It used to be a hilarious joke last Century to say that a house with no teenagers in it always had flashing red and green numbers in every room. Only teenagers, you see, were savvy enough with the gadgetry to set the date up properly on the Betamax and the bedside alarm.
This came back to me yesterday when I picked the van up from a major service. As the young chap guided me through the enormous invoice in the way they do these days, he drew my attention to a small problem. When the mechanics had reconnected the battery, they'd been unable to set the time on the clock. Because they couldn't find the instruction manual. That's right, they'd serviced a vehicle that would be charging down motorways at 80 mph but they couldn't, er, set the dashboard clock without a manual.
It occurred to me that things move on so quickly the young mechanics who worked on the car had never set a digital clock in their lives. Most clocks in our house are now governed by a digital TV signal or an atomic clock somewhere which sends a radio beam from Rugby to keep everything seamless and deadly accurate without the need for human intervention. Our bedside clock, our phones and even my wristwatch pick up millisecond accurate timing through the ether.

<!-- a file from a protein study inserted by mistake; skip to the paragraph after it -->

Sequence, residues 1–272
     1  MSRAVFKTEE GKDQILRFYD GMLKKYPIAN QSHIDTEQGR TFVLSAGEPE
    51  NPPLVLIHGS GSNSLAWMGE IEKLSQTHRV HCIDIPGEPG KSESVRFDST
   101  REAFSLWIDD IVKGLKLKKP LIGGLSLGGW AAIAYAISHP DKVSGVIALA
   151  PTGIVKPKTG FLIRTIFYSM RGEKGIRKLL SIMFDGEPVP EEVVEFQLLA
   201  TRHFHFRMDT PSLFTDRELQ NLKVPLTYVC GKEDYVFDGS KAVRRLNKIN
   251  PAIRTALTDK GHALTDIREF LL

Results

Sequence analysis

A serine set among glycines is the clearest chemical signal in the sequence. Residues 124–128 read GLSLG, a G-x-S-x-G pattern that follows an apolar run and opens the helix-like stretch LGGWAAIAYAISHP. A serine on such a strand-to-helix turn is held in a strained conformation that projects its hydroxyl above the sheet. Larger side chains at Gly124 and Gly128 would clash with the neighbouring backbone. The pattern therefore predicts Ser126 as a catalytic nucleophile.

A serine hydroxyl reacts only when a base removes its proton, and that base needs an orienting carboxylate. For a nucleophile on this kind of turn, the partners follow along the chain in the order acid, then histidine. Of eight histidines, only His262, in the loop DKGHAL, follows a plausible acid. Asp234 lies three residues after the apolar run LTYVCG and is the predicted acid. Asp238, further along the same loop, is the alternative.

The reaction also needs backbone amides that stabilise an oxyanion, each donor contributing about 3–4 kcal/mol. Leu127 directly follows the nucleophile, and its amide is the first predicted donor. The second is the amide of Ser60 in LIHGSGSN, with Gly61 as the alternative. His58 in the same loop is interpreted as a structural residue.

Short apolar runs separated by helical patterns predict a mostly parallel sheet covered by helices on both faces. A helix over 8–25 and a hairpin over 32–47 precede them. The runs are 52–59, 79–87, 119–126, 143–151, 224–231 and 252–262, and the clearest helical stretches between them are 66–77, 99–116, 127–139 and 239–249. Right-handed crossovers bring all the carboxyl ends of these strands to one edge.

Apple are partly responsible for moving us all away from a "tinkering" generation towards a World where the secrets "under the bonnet" are not something we need to worry our pretty little heads about. I've had my iPhone for 2 years now and it is welded to my person and my second best friend, but I have not the remotest idea how the time displays accurately or indeed most of the wonders that go on in its back rooms. The functionality is so well done and intuitive that I've come not to care.
It's not all good news, however, as the "tinkering" stage at which you had to wrestle with settings and programming is also a learning stage from which invention blossoms. I was interested to read that the standard of computer basics is now so poor amongst undergraduates applying for Cambridge that it has prompted the production of the Rasberry Pi to get students back to the nitty-gritty of developmental programming.
Perhaps they'll be able to set the dashboard clock in my van so I'll know what day it is.